We need your help now

Support from readers like you keeps The Journal open.

You are visiting us because we have something you value. Independent, unbiased news that tells the truth. Advertising revenue goes some way to support our mission, but this year it has not been enough.

If you've seen value in our reporting, please contribute what you can, so we can continue to produce accurate and meaningful journalism. For everyone who needs it.

Sasko Lazarov
budget 2023

Budget 2023 will be revealed today - here's a look at how things will unfold

Budget proceedings will kick off at 1pm.

BUDGET 2023 TAKES place today, about two weeks earlier than it usually does each year.

While the last two budgets focused on Covid-19 supports, this year the focus is all on the rising cost-of-living.

A once-off package will be announced to address the inflation and energy crisis, which is set to cost more than €3 billion this year. 

The budget surplus due to a high tax take is now estimated at more than €4.4 billion. 

There is a lot already known – such as a new credit for renters that pay tax, free school books for children in primary school, a doubling of some welfare payments before Christmas, an energy credit worth €600 across three energy bills and a 25% reduction in childcare costs.

Both Finance Minister Paschal Donohoe and Public Expenditure Minister Michael McGrath are due to address TDs. 

Donohoe will take to his feet first at 1 pm to read his Budget speech.

McGrath will follow, with each of the ministers’ speeches due to last around 45 minutes – so we should be done by around 2.30 pm or shortly thereafter. 

As the main opposition party, Sinn Féin will get an hour in reply. The other opposition parties and groupings will get 45 minutes each. Speeches should be done by 8pm.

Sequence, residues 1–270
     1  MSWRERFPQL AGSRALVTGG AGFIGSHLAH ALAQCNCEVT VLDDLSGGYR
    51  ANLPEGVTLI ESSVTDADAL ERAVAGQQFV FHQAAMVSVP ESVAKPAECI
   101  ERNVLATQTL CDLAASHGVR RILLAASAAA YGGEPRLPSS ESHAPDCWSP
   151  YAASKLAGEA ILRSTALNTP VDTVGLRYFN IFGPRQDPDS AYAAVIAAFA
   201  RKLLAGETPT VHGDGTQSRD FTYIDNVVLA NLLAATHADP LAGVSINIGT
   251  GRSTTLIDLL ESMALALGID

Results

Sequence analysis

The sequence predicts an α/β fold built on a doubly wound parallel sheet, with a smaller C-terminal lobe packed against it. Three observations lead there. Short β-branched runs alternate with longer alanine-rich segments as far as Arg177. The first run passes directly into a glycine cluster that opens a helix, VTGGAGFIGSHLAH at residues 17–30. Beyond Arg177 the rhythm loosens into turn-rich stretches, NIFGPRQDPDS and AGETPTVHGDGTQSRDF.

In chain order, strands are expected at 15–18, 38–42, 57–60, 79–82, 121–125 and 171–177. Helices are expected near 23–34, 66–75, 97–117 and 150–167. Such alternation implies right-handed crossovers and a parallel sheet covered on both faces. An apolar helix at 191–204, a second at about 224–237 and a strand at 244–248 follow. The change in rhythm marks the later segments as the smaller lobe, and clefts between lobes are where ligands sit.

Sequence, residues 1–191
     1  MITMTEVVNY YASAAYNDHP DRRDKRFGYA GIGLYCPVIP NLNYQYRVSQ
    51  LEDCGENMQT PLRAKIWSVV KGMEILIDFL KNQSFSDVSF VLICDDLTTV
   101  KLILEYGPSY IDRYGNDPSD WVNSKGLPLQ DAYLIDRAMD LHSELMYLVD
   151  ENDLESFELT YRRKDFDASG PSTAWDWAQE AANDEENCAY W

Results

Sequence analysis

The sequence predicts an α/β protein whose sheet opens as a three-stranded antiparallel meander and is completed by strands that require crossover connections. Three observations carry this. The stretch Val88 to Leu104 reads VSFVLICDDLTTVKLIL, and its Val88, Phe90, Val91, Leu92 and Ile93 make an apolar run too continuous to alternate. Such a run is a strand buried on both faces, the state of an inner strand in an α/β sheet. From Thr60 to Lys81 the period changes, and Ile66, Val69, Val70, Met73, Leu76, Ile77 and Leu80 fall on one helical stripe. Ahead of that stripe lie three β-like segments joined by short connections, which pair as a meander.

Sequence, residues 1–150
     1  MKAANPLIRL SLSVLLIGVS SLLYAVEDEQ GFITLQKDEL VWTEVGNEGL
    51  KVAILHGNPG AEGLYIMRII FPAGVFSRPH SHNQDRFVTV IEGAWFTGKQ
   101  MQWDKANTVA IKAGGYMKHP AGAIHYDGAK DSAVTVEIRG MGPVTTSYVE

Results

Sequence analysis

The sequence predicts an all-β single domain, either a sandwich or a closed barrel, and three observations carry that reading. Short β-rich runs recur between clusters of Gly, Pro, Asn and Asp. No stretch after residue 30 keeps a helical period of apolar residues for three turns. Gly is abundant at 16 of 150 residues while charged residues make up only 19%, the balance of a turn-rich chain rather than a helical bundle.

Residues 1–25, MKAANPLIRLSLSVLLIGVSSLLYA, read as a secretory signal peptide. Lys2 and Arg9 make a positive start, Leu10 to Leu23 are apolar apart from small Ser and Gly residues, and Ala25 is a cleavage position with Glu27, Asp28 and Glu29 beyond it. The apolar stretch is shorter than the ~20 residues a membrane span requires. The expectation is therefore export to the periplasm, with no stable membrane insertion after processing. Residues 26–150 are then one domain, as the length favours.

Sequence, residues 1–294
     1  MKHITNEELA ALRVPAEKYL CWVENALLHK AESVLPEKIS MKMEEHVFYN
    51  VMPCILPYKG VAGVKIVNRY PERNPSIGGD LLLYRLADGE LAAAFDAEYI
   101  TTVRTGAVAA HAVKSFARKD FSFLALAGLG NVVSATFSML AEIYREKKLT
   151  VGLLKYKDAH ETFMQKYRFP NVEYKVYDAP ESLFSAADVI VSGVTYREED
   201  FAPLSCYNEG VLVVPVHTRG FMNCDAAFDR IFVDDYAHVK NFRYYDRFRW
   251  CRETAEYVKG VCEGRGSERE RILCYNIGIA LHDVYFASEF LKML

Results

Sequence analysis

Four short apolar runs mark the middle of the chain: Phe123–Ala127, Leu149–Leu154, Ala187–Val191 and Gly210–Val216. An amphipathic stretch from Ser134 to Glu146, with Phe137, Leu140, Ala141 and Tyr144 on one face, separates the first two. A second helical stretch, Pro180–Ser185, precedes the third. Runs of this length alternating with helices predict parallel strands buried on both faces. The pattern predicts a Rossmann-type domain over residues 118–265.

Voting on the Budget measures will get underway at 8.30pm, and is due to end by midnight.

Immediate changes will be voted in tonight (such as excise changes) but votes on some of the more substantive issues will take place over subsequent days. The cost-of-living package announced today is due to have immediate effect.

Much of the Budget reaction comes via press conferences and interviews in Buswells Hotel, across the road from Leinster House. Stakeholders and groups give their reactions to the announcements throughout the day, and there’s usually a sizeable encampment of TV and radio reporters at the venue. 

Protests outside the Dáil have also traditionally been a feature of Budget Day.

Government sources have said the budget is “quite tight” but that there are a lot of “significant measures” contained in the plan. “There are so many measures it’s hard to keep up with them all. Risk is we’ve missed something,” said one senior source. 

Finance Minister Paschal Donohoe has said he believes the budget will help with the cost-of-living concerns, stating that Government understands that people are living in “uncertain times” and are worried about the upcoming winter.

Public Expenditure Minister Michael McGrath said he has had “exhaustive talks” in recent weeks with Government ministers who all have significant demands for their respective departments.

This year’s budget should “make a real difference to people throughout the country”, he said. 

Donohoe said there were “demanding discussions” as the issues they are dealing with are serious, but he wanted to ensure careful use of the “money of the people of Ireland and putting it to effective use next year”. 

Much of the supports announced today “will start to flow quite quickly”, added McGrath.

What can we expect in the Budget speech?

Income tax / USC

  • The top tax band has been pushed out to €40k for single people and up to €80k for a couple – worth €800 a year to those on the higher rate and up to €1,600 for a couple
  • There will be some minor tweaks to the USC to take into account the rise in the minimum wage, as well as some small changes to PRSI


  • The much talked about tax credit for renters has been agreed. It will be per renter rather than per tenancy, so if there are two or three sharing a property they will all get the credit. While discussions are still underway on the amount it looks like it could be around €400-€500 range per renter